Image Credit: Ben Coffman Photography

Ben, at Ben Coffman Photography, went out to Crater Lake over the Lyrid meteor shower last year.

Crater Lake can be found in Klamath County in Oregon. The lake was created when a volcano erupted with such ferocity that it blew itself to pieces. The elegant arc of the Milky Way’s dust lane is crowning the wintery landscape. The best Lyrid meteor Ben captured is located near the center of the dust lane to the right of center in the image. In addition, a few smaller ones can be seen on the left hand side of the screen.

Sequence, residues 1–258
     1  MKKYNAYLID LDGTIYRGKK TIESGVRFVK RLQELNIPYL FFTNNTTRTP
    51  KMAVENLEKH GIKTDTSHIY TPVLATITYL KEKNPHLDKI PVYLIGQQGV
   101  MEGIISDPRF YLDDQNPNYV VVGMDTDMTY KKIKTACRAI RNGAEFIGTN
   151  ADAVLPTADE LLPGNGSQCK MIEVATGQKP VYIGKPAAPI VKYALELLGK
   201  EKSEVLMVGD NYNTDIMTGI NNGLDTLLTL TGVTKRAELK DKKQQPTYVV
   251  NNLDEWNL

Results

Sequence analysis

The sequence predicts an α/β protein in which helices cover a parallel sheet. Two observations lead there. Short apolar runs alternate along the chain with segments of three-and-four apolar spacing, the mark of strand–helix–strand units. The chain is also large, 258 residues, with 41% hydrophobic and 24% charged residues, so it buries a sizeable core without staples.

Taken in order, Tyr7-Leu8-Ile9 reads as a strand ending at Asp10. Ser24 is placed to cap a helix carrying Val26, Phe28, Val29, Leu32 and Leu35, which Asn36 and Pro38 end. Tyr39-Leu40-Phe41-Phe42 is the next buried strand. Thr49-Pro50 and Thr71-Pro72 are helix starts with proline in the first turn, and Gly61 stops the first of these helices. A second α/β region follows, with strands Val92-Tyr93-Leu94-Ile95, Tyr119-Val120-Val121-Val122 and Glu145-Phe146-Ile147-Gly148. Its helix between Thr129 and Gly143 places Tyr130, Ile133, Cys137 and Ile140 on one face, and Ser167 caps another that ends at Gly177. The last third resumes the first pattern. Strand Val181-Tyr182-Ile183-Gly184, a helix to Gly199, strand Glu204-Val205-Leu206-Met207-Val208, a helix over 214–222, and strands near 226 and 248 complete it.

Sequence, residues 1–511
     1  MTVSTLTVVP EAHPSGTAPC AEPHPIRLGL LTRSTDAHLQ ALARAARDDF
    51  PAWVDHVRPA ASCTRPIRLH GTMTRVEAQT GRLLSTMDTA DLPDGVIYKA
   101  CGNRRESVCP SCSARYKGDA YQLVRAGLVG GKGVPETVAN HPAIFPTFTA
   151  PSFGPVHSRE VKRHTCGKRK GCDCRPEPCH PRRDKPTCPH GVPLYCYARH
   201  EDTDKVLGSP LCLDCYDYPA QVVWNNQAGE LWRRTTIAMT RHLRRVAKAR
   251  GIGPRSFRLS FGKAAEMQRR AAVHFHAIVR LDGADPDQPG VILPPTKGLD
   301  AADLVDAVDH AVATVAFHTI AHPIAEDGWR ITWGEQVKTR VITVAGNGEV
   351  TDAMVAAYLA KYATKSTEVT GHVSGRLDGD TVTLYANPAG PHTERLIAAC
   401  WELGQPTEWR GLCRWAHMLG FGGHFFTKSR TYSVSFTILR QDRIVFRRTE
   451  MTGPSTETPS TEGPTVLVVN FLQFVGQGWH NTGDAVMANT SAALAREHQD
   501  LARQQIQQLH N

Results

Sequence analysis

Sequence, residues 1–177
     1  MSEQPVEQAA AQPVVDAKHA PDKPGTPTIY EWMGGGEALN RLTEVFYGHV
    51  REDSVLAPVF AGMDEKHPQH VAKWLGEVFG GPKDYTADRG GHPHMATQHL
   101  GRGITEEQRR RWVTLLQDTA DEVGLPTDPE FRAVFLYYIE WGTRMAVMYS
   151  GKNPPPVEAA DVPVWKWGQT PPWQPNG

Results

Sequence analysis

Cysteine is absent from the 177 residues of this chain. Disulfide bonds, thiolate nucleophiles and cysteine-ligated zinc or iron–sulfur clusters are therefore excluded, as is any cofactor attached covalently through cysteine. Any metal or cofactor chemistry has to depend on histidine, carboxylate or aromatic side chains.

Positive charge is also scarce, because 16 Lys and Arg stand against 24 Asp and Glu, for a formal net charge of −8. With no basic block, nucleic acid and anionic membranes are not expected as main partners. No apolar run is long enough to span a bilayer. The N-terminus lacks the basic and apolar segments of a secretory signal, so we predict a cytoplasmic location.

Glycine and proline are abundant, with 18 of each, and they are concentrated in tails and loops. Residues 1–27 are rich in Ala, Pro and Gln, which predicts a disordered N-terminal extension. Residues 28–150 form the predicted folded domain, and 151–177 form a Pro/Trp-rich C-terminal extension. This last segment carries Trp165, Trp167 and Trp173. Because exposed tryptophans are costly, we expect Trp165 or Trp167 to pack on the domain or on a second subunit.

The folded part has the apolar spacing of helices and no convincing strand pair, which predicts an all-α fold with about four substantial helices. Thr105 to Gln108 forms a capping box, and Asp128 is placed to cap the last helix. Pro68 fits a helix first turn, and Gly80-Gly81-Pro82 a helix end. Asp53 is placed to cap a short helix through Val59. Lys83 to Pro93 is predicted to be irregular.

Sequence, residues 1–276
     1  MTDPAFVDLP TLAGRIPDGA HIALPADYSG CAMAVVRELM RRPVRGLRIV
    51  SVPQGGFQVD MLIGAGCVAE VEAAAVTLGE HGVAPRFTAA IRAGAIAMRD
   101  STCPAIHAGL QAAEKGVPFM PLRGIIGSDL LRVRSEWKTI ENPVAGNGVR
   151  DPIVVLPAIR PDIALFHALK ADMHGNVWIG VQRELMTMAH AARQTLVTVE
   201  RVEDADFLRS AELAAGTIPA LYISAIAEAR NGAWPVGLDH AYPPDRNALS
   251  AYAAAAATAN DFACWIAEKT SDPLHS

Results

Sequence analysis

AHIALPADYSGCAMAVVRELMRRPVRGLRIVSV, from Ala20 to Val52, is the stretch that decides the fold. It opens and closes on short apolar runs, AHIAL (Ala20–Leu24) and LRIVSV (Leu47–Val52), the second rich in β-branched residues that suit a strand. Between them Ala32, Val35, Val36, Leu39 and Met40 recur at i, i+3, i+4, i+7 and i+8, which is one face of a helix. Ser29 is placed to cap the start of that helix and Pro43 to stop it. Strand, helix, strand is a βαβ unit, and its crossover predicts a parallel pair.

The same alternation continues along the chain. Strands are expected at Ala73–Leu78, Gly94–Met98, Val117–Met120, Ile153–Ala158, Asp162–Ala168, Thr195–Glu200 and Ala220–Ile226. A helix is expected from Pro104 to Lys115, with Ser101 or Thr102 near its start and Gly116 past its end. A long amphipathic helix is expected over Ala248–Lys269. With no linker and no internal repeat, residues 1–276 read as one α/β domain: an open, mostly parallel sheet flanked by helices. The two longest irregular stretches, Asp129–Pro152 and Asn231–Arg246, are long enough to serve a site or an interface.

Recently, a fan asked how astrophotographers are able to capture so many stars in their images. The answer lies with how cameras function in contrast to the human eye. As a photon hits your retina, it’s processed, and that specific photon isn’t really ‘remembered’ – kind of like taking a short exposure photograph. This picture of Ben’s uses a longer exposure (I’m guessing about a 30-second exposure). The camera records and saves the data collected from each photon over the time of the exposure, allowing dim objects to appear brighter in the final image. This is very useful for studying the cosmos in magnificent detail.

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